(thus excluding all subjects of other districts).[48] In Russian, the word for Siberia is used as a substitute for the name of the federal district by those who live in the district itself and less commonly used to denote the federal district by people residing outside of it.

Ulan-Ude

Novosibirsk
Novosibirsk
is the largest city in Siberia

Federal subjects of Siberia
Siberia
(GSE)

Subject Administrative center

Ural Federal District

Khanty–Mansi Autonomous Okrug Khanty-Mansiysk

Kurgan Oblast Kurgan

Tyumen
Tyumen
Oblast Tyumen

Yamalo-Nenets Autonomous Okrug Salekhard

Siberian Federal District

Altai Krai Barnaul

Altai Republic Gorno-Altaysk

Buryat Republic Ulan-Ude

Irkutsk
Irkutsk
Oblast Irkutsk

Republic of Khakassia Abakan

Kemerovo
Kemerovo
Oblast Kemerovo

Krasnoyarsk
Krasnoyarsk
Krai Krasnoyarsk

Novosibirsk
Novosibirsk
Oblast Novosibirsk

Omsk
Omsk
Oblast Omsk

Tomsk
Tomsk
Oblast Tomsk

Tuva
Tuva
Republic Kyzyl

Zabaykalsky Krai Chita

Far Eastern Federal District

Sakha (Yakutia) Republic Yakutsk

Amur waterfront in Khabarovsk

Vladivostok, Primorsky Krai

Yakutsk
Yakutsk
is the capital of the Sakha Republic

Federal subjects of Siberia
Siberia
(in wide sense)

Subject Administrative center

Far Eastern Federal District

Amur Oblast Blagoveshchensk

Chukotka Autonomous Okrug Anadyr

Jewish Autonomous Oblast Birobidzhan

Kamchatka Krai Petropavlovsk-Kamchatsky

Khabarovsk
Khabarovsk
Krai Khabarovsk

Magadan
Magadan
Oblast Magadan

Primorsky Krai Vladivostok

Sakhalin
Sakhalin
Oblast Yuzhno-Sakhalinsk

Ural Federal District

Chelyabinsk
Chelyabinsk
Oblast Chelyabinsk

Sverdlovsk Oblast Yekaterinburg

Major cities[edit] The most populous city of Siberia, as well as the third most populous city of Russia, is the city of Novosibirsk. Other major cities include:

Barnaul Irkutsk Kemerovo Krasnoyarsk Novokuznetsk Omsk Tomsk Tyumen

Wider definitions of Siberia
Siberia
also include:

Chelyabinsk Khabarovsk Vladivostok Yekaterinburg
Yekaterinburg
- Some sources such as Encyclopædia Britannica
Encyclopædia Britannica
include this city as it lies in the Ural Mountains. Inhabitants have distanced themselves though saying that there is a difference between Siberian and Urals culture.[49]

Economy[edit]

Russia
Russia
is a key oil and gas supplier to much of Europe.

Siberia
Siberia
is extraordinarily rich in minerals, containing ores of almost all economically valuable metals. It has some of the world's largest deposits of nickel, gold, lead, coal, molybdenum, gypsum, diamonds, diopside, silver and zinc, as well as extensive unexploited resources of oil and natural gas.[50] Around 70% of Russia's developed oil fields are in the Khanty-Mansiysk
Khanty-Mansiysk
region.[51] Russia
Russia
contains about 40% of the world's known resources of nickel at the Norilsk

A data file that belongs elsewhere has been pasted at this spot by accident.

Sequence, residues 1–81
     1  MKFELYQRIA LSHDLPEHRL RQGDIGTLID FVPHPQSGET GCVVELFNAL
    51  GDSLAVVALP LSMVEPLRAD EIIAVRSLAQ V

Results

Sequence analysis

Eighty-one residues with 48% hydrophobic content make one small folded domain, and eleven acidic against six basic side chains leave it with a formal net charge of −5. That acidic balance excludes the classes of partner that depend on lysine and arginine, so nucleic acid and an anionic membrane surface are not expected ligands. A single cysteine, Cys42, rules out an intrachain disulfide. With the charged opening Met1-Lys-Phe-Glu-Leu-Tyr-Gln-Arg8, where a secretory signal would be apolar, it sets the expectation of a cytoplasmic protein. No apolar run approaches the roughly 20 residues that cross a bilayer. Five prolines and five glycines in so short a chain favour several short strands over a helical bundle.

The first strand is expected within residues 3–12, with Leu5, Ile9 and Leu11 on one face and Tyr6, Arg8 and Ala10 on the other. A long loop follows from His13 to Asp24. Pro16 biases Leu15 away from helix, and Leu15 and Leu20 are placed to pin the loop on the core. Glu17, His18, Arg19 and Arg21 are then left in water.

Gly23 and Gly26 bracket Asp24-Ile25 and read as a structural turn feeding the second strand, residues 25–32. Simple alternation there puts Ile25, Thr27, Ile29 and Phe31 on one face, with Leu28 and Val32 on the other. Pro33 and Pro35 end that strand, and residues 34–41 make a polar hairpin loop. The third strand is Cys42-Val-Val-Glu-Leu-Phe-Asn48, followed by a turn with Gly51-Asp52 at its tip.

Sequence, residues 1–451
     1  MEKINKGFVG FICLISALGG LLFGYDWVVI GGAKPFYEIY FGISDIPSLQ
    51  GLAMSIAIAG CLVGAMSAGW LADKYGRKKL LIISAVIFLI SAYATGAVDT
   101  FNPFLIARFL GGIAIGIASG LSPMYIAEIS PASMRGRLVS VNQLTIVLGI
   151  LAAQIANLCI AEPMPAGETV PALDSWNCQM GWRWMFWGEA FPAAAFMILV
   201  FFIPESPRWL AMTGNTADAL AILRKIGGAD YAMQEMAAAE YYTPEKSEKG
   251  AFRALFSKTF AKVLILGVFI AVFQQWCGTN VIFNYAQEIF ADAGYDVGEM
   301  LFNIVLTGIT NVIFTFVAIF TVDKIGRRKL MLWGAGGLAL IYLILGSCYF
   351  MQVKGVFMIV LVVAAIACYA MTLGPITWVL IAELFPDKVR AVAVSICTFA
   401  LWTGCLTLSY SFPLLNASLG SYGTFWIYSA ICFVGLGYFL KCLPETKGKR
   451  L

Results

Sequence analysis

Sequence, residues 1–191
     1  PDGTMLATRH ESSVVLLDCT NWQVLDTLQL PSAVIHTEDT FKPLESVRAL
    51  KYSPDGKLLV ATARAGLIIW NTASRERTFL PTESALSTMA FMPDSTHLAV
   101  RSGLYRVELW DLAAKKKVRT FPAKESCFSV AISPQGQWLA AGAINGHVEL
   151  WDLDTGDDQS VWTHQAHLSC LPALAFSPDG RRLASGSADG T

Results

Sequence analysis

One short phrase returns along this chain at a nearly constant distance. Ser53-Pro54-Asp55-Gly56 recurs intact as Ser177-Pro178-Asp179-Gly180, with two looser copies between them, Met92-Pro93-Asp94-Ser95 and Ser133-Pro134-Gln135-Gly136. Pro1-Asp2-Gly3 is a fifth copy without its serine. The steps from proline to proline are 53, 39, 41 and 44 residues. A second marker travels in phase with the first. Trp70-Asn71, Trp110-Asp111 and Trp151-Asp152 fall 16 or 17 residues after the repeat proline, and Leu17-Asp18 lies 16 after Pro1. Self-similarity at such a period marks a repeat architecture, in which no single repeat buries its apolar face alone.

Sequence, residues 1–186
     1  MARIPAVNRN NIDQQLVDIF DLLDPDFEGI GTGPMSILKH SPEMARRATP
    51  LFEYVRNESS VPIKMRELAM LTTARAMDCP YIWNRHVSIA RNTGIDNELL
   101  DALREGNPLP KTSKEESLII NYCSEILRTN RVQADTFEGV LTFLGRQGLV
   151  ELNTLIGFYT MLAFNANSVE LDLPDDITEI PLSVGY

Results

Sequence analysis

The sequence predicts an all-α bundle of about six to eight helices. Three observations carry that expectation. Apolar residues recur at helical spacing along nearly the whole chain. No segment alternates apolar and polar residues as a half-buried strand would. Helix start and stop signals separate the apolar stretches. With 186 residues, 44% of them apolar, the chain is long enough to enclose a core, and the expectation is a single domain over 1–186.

Norilsk
deposit in Siberia. Norilsk
Norilsk
Nickel
Nickel
is the world's biggest nickel and palladium producer.[52] Siberian agriculture
Siberian agriculture
is severely restricted by the short growing season of most of the region. However, in the southwest where soils are exceedingly fertile black earths and the climate is a little more moderate, there is extensive cropping of wheat, barley, rye and potatoes, along with the grazing of large numbers of sheep and cattle. Elsewhere food production, owing to the poor fertility of the podzolic soils and the extremely short growing seasons, is restricted to the herding of reindeer in the tundra—which has been practiced by natives for over 10,000 years.[citation needed] Siberia
Siberia
has the world's largest forests. Timber remains an important source of revenue, even though many forests in the east have been logged much more rapidly than they are able to recover. The Sea of Okhotsk
Sea of Okhotsk
is one of the two or three richest fisheries in the world owing to its cold currents and very large tidal ranges, and thus Siberia
Siberia
produces over 10% of the world's annual fish catch, although fishing has declined somewhat since the collapse of the USSR.[53] Sport[edit]

Bandy
Bandy
at Sibselmash Stadium
Sibselmash Stadium
in Novosibirsk, Siberia's biggest city and the third biggest one in Russia

Professional football teams include FC Tom Tomsk, FC Sibir Novosibirsk and FK Yenisey Krasnoyarsk. The Yenisey Krasnoyarsk
Krasnoyarsk
basketball team has played in the VTB United League since 2011–12. Russia's third most popular sport, bandy,[54] is important in Siberia. In the 2015–16 Russian Bandy
Bandy
Super League season Yenisey from Krasnoyarsk
Krasnoyarsk
became champions for the third year in a row by beating Baykal-Energiya from Irkutsk
Irkutsk